“The most important factor for specific alternatives investments is the capability of the pension officer, but additionally long-term commitment of the pension fund is needed. Such investors typically use external vendors – gatekeepers, trust banks and consultants – appropriately,” Kita told AsianInvestor.
Sakakibara concurred, noting that such utilisation will help define an initial target share of assets under management (AUM) into alternatives.
“Gatekeepers and OCIO [outsourcing the CIO role] are the right solutions to enjoy effective diversification with smaller investments. Secondly, it will make it easier to diversify the vintage year of investments when alternative market and assets are getting fragmented,” Sakakibara said.
By this he meant the diversification that occurs when capital is gradually invested alongside other capital, spreading the investments across a larger portion of the economic cycle.
This emphasis of downside protection is also reflected in the preference for open-ended core vehicles where investors can, in theory, ask to withdraw their investments. Although illiquid in nature, corporate pension funds still look to keep their investments as liquid as possible.
“In the private sector, open-ended vehicles are very common, because they can expand their own scale to enable diversification. And open-end vehicles give investors the impression they are not too illiquid, so it is easier for pension funds to invest,” Kita said.
MISSING UPSIDE POTENTIAL
Kewpie, meanwhile, has plans to further diversify its alternative asset investments – provided it can get the attention of the right general partners.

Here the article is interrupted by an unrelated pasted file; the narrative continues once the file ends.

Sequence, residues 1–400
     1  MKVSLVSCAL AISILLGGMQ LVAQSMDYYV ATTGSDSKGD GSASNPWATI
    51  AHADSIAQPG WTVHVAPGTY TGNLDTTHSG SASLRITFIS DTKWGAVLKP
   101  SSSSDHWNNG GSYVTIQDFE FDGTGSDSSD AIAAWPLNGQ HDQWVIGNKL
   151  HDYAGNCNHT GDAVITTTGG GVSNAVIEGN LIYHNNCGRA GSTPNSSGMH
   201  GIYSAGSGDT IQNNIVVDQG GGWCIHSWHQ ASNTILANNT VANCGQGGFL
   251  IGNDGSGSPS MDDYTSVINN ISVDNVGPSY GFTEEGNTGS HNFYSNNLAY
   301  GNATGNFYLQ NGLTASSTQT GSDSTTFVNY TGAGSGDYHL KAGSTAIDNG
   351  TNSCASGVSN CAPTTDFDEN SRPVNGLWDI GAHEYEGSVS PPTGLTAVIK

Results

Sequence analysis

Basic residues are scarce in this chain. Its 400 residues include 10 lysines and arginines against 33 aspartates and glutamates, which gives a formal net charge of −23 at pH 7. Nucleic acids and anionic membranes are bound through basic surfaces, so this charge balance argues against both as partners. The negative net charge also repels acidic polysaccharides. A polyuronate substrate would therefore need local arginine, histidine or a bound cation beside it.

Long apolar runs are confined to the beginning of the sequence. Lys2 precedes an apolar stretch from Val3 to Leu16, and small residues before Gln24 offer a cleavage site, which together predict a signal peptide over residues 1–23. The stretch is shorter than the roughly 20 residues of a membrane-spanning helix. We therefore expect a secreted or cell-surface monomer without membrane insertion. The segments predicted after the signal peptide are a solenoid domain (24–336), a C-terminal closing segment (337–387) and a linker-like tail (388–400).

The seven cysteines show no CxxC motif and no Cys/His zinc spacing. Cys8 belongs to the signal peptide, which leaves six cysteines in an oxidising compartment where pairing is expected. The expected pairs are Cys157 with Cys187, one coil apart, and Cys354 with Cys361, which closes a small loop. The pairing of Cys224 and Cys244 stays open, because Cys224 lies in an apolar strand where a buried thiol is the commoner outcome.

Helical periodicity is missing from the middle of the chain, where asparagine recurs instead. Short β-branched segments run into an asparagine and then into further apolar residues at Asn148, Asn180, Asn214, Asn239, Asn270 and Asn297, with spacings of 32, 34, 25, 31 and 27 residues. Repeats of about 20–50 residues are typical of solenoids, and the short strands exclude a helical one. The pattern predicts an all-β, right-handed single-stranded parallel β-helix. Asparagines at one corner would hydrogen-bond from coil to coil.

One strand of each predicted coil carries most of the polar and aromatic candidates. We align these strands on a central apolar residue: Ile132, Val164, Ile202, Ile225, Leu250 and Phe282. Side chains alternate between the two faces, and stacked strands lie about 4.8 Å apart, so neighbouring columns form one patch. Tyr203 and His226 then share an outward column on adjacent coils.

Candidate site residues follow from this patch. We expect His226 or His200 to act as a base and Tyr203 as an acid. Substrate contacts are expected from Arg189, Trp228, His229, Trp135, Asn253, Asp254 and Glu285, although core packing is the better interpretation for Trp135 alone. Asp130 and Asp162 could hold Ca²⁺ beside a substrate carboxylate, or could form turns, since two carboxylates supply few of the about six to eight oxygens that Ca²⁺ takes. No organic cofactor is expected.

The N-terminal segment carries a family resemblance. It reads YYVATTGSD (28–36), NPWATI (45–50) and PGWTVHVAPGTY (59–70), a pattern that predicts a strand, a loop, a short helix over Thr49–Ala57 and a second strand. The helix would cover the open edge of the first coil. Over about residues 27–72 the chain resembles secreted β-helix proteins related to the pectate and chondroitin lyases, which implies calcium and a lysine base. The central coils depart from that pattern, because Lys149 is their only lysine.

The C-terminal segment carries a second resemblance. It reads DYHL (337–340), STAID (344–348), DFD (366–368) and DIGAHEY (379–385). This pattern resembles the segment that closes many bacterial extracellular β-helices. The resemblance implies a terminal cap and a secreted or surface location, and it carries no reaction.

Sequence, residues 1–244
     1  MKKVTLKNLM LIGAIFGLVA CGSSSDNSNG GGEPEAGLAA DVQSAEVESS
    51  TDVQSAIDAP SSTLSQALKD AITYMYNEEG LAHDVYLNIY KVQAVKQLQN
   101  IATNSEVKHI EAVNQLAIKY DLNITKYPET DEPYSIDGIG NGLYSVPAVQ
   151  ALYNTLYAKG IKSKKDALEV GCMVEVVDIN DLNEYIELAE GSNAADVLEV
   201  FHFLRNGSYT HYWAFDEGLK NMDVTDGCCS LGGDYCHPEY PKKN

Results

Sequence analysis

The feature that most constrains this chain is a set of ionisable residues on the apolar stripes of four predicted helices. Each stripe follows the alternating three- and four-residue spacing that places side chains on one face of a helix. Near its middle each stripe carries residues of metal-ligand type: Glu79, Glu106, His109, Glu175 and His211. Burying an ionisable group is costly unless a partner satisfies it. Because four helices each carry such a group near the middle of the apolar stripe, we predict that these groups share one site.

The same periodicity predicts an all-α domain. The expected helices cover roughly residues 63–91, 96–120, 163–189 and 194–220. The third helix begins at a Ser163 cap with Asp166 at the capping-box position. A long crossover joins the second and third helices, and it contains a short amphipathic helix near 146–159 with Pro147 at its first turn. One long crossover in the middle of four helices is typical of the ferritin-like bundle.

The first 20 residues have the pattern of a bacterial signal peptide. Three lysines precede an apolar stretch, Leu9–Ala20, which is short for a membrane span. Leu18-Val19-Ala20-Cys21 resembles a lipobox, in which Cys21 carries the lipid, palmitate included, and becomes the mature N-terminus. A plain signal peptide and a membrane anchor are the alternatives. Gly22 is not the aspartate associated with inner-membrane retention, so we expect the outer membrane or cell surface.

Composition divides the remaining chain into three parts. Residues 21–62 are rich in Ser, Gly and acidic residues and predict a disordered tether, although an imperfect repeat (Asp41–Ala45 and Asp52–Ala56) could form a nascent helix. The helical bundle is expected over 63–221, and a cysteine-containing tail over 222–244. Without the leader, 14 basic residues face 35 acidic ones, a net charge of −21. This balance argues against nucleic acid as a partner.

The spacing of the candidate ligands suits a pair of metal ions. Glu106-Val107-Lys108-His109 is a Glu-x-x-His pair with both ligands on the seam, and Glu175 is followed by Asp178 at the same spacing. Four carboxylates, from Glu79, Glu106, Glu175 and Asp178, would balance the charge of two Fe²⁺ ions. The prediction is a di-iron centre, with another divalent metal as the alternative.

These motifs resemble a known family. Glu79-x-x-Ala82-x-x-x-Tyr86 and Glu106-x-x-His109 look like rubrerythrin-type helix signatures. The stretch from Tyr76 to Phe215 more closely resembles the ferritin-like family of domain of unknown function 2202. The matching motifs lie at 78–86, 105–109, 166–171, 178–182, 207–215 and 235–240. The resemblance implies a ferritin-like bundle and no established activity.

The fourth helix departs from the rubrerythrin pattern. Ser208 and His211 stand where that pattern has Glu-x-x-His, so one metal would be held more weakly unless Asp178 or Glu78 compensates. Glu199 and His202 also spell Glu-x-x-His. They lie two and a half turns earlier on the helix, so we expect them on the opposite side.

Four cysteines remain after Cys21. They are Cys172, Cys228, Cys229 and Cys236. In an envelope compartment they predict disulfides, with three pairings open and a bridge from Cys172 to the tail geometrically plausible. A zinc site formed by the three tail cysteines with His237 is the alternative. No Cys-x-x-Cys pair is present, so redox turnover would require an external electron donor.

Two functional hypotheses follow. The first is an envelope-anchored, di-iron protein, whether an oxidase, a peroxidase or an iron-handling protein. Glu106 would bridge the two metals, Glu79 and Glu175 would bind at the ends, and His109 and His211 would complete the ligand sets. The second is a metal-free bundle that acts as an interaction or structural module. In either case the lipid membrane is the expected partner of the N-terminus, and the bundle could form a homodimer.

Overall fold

Okimori pointed to specific alternatives strategies that Kewpie Pension Fund has looked at, in vain, in order to grow its illiquid alternatives allocation, which stands at 15% of AUM. For instance, the pension fund wants to invest further into infrastructure in the shape of asset-backed securities, such as aeroplanes, and into private equity and private debt funds.
He also wants to potentially expand into alternatives vehicles focused in Asia, among them private equity secondaries. These efforts are all part of Kewpie Pension Fund's aim to achieve an annual return target of 3%, net of costs.
“While I see a potential upside in investing in Asia-focused fund vehicles, other corporate pension funds still prefer either global vehicles or regional vehicles in the mature US and Europe markets. The downside protection is still the most important factor [among Japanese asset owners],” Okimori said.
It has proven a challenge, however, to follow through on these diversification plans fully. Peer corporate pension funds prefer to invest in more known alternatives products, such as US or global real estate or infrastructure equity funds. They are more focused on minimising downside risk, as many corporate pension funds seek aim to achieve an annual return closer to 2%.
“It is a challenge to investment efficiency that trust banks need volume and time – up to three years – to raise and deploy capital. Not all investors want the same thing although they are gathered in the same trust vehicle,” Okimori said.
“All of these factors are the conditions you have to navigate when you are a relatively small institutional investor,” he added.